tion of this point, and thus knows how to steer its course. mysteries.
Not only is this hypothesis unsupported by any considera-

There yet remain a few words to be said on what may Excep-
tions known to the writer, but it is not at all borne out by be termed Exceptional Migration, that is when from some tional
the observed facts of Migration in North America, where cause or other the ordinary practice is broken through. migration.
Birds as has been shewn by Professor Baird (op. cit. p. 347) This differs from the chance occurrence of the waifs and
do not migrate in the direction of the magnetic pole. strays with which this section of the article began in that

Other authors there are who rely on what they call the Birds subject to it keep in a great measure their cus"instinct” as an explanation of this wonderful faculty. tomary habit of migrating, and yet are compelled to indulge This with them is simply a way of evading the difficulty it in an irregular, or perhaps an altogether novel, manner, before us, if it does not indeed remove the question alto- though they are not entirely the sport of circumstances. gether from the domain of scientific inquiry. Rejecting The erratic movements of the various species of Crossbill Crossbills. such a mode of treatment, Herr Palmén meets it in a much (Loxia) and some allied forms afford perhaps the best

known examples. In England no one can say in what
| Absolute proof of the identity of the particular birds is of course

part of the country or at what season of the year he may
wanting, but if that ohjection be raised the circumstance becomes still
more puzzling, for then we have to account for some mode of com-

not fall in with a company of the Common Crossbill (L.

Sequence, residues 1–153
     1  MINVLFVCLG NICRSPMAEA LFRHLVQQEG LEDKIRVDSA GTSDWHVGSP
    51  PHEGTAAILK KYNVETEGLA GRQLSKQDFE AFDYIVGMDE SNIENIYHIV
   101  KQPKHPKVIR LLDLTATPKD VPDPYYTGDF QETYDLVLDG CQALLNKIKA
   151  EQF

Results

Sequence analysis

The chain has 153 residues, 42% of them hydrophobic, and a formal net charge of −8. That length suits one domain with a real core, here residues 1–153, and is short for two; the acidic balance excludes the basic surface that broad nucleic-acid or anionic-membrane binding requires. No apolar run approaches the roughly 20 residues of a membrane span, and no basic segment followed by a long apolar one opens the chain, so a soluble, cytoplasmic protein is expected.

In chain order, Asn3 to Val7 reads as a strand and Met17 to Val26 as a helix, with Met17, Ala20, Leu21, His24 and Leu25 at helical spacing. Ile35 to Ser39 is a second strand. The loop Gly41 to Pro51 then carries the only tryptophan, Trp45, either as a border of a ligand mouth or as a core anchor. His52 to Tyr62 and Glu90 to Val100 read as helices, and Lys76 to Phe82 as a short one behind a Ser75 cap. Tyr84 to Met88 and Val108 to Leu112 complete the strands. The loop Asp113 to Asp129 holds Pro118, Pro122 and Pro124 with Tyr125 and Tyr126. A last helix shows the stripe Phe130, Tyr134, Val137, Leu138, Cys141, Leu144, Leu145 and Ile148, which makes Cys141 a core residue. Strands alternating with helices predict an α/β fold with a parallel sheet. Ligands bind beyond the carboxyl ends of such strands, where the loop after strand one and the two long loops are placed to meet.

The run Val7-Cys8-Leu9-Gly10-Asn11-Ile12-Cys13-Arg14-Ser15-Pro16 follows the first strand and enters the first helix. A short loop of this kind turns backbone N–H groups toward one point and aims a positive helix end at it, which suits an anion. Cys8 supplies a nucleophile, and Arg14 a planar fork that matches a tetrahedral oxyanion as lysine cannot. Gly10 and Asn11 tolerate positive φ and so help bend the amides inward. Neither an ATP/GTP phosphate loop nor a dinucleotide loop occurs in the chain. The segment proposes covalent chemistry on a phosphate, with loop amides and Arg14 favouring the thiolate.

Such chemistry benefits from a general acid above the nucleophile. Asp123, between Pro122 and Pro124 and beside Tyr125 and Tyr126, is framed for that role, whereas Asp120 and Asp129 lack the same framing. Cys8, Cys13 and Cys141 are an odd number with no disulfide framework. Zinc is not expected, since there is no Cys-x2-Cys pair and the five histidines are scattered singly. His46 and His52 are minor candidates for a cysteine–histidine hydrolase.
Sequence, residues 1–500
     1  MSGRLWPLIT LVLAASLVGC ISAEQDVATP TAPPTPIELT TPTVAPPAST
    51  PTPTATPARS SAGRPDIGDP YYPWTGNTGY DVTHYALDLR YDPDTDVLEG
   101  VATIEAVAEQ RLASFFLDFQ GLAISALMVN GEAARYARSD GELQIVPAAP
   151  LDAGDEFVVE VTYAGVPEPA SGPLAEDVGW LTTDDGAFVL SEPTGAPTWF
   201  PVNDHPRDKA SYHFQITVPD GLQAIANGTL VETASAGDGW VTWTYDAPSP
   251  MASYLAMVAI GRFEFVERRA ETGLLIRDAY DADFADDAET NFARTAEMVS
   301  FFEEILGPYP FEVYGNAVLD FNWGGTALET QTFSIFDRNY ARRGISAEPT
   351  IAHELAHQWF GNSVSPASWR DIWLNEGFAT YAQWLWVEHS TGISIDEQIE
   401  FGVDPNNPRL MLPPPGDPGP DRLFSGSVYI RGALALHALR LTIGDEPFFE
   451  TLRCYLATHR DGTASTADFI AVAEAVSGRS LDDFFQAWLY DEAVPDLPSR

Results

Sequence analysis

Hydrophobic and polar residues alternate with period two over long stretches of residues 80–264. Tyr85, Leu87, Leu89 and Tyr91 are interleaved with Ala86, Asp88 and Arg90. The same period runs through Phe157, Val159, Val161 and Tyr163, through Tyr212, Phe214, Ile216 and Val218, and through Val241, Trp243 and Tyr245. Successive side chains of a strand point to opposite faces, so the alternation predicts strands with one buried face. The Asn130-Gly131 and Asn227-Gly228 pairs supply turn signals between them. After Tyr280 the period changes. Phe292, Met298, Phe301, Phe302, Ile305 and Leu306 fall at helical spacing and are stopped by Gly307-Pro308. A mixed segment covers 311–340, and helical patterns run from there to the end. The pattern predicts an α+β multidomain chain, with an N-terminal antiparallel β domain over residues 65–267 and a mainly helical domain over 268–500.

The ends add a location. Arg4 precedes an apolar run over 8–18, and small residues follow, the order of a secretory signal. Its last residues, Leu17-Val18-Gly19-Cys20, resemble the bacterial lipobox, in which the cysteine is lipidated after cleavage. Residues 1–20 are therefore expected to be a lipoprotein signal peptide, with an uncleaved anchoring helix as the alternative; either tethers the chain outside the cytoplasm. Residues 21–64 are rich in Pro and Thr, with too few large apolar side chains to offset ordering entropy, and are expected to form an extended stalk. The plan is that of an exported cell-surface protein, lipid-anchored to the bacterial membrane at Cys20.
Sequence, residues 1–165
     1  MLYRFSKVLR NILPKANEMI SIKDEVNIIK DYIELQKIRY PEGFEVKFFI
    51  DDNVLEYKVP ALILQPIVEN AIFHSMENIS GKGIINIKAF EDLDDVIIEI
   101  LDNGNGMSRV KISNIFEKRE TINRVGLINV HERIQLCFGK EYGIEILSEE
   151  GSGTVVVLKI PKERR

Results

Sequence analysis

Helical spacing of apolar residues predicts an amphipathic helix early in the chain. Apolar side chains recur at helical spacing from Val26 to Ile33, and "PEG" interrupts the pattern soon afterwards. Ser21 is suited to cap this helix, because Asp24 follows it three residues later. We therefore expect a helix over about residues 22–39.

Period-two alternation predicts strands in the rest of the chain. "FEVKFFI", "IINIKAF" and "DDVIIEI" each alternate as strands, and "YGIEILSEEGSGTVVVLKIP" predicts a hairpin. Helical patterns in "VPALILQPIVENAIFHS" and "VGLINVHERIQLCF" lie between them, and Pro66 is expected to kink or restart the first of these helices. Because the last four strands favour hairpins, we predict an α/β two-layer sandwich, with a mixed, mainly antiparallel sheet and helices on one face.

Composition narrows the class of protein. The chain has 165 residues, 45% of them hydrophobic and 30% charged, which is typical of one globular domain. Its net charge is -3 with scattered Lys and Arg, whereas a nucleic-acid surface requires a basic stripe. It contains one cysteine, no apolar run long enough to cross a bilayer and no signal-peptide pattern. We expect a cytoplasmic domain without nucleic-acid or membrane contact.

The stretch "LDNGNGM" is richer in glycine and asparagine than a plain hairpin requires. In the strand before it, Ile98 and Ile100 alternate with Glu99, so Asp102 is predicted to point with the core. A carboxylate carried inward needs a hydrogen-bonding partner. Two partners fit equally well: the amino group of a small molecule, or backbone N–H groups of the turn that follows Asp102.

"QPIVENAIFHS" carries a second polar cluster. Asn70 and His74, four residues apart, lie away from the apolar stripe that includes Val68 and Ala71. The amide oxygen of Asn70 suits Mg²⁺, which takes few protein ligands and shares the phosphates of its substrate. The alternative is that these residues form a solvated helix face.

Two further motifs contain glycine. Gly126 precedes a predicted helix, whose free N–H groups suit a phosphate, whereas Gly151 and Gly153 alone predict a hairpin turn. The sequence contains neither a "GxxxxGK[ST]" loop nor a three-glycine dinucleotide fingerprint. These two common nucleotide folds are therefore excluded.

municating precise information by one bird to another.

curvirostra), and the like may be said of many other lands.
• It has occurred indeed as a straggler in about a dozen instances The food of these Birds consists mainly of the secds of
in England, and it arrives twice a year in greater or less numbers in conifers, and as its supply in any one locality is inter-
Heligoland as reported by the ever-watchful observer on that island,

mittent or precarious, we may not unreasonably guess that,
Mr Gätke, to whom ornithologists are so deeply indebted for his long.
continued and intelligent scrutiny of the extraordinary number of
wandering birds which alight there.

3 Manual & Ornithologie, iii. Introd. p. xliii. note.



ons fered :



they shift from place to place in its quest, and may thus tion of light did not exist, for Lord Lilford has recorded 4

find an easy way of accounting for their uncertain appear-how that once at Corfu he was startled by an uproar as if Nntcracker. ance. The great band of Nutcrackers (Nucifraga caryo all the feathered inhabitants of the great Acherusian Marsh

catactes) which in the autumn of 1844 pervaded Western had met in conflict overhead, but he could form no concep-
and Central Europe' may also have been actuated by the tion of what birds produced the greater part of it.

same motive, but we can hardly explain the roaming of all Waxwing. other Birds so plausibly. The inroads of the Waxwing

(Ampelis garrulus) have been the subject of interest for
more than 300 years, and by persons prone to superstitious Leaving then the subject of Migration, the next impor-
auguries were regarded as the forerunners of dire calamity. tant part of the economy of Birds to be considered is
Sometimes years have passed without its being seen at all perhaps their Song—a word, however, in a treatise of this
in Central, Western, or Southern Europe, and then perhaps kind to be used in a general sense, and not limited to the
for two or three seasons in succession vast flocks have sud-vocal sounds uttered by not more than a moiety of the
denly appeared. Later observation has shown that this feathered races which charm us by the strains they pour
species is as inconstant in the choice of its summer- as of from their vibrating throat,-strains indeed denied by the
its winter-quarters, and though the cause of the irregularity scientific musician to come under cognizance as appertain-
may possibly be of much the same kind as that just sug-ing to his art, but strains which in all countries and in all
gested in the case of the Crossbill, the truth awaits further ages have conveyed a feeling of true pleasure to the human
investigation. One of the most extraordinary events hearer, and strains of which by common consent the Night-